Pest Infestation In addition, shot hole borers (Scolytus rugulosus) still occasionally overrun this shrub. This tiny, dark-colored beetle grows to about the size of a grain of rice and possesses strong jaws for chewing its way into the inner wood of branches and trunks. Adult females lay eggs just underneath the bark, and the larvae emerge to start mining little galleries. Signs of a shot hole borer infestation include little, round holes oozing gummy sap mixed with sawdust. Boring damage typically causes twig dieback.
Chemical control methods don't work once shot hole borers infest your shrub since the pests live in the protected area just below the bark. Preventative treatment is also difficult because the pesticide products available to home gardeners don't work effectively. Prune out and destroy all infested plant parts. If the borers attack the trunk, remove the entire shrub.
Or, your cherry laurels may be subject to feeding by the peach tree borer and/or a scale insect.
Peach tree borer - You will have to look around the base of the shrubs. Remove the mulch from around the base of the plant. Look for dieback and the presence of gummosis and/or frass at the root crown. (Cast pupal skins may be visible at exit holes.) Make sure your mulch is no thicker than two inches and keep away from the base of the trunk to prevent boring insects. Here is a link to help you identify the peach tree borer. http://plantdiagnostics.umd.edu/level3.cfm?causeID=166
White prunicola scale - All active stages of the above insect suck plant cell contents from twigs and branches. Heavy infestations usually begin on outer branches. Dieback usually begins on small branches and usually is preceded by leaf yellowing and premature leaf drop. At this point, prune off heavily infested branches showing dieback. Use a soft toothbrush or soft scrubbrush to remove scale covers now.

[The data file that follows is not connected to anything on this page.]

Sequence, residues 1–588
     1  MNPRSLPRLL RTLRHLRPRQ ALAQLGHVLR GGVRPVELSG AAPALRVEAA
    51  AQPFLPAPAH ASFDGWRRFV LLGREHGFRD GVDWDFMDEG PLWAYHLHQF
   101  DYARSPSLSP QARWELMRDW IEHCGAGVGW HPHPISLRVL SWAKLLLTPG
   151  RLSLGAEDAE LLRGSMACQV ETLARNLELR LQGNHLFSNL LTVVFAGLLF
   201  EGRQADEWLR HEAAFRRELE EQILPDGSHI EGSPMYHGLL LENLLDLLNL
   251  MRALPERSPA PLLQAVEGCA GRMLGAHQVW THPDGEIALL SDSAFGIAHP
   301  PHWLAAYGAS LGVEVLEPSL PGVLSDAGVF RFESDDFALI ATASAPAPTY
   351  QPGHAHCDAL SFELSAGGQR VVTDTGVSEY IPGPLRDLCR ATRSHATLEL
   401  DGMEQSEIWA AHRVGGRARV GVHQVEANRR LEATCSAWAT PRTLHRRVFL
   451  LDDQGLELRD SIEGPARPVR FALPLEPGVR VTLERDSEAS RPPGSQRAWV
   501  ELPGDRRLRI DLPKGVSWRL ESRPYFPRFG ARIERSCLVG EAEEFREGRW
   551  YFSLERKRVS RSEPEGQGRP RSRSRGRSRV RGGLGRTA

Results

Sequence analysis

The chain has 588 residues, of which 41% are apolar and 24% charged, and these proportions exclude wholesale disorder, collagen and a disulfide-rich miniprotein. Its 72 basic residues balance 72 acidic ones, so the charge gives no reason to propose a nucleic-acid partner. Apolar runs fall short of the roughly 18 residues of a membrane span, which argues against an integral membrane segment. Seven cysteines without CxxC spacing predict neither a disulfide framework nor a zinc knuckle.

You can use a dormant oil spray to manage light infestations. Use a dormant oil when deciduous trees drop their foliage usually (Dec-March). Target the spray where the scale is located. Spray on a windless day when the temperature is expected to remain above 40 degrees for 24 hours. Follow all label directions. Check for crawlers in mid-May. You may need to use a hand lens. You can use a summer rate of horticultural oil in June, if need be. Use horticultural oil instead of neem oil.
If you are still in doubt as to your specific diagnosis please contact your local extension office in Montgomery County and share the pictures and any samples with the volunteers at the Master Gardener office at that location. Thank you,
Thank you for your reply. Do you know the commercial names of the 2 percent horticultural oil solution that you mentioned that I might be able to obtain from local garden stores? Also would Bonide "Fung-oinl" be of any use?
There are several brands of horticultural oil, for the most part all are refined petroleum products; although there are some refined vegetable oils being used. Sunspray and Volck Oils are probably the most common in the trade. Read the label closely as Summer Fine oils tend to cause the least amount of burn. There are dormant oils as well that can only be applied to dormant plants. Products containing neem oil may also control some of the scale insects. Good luck. I hope you are able to save the laurels.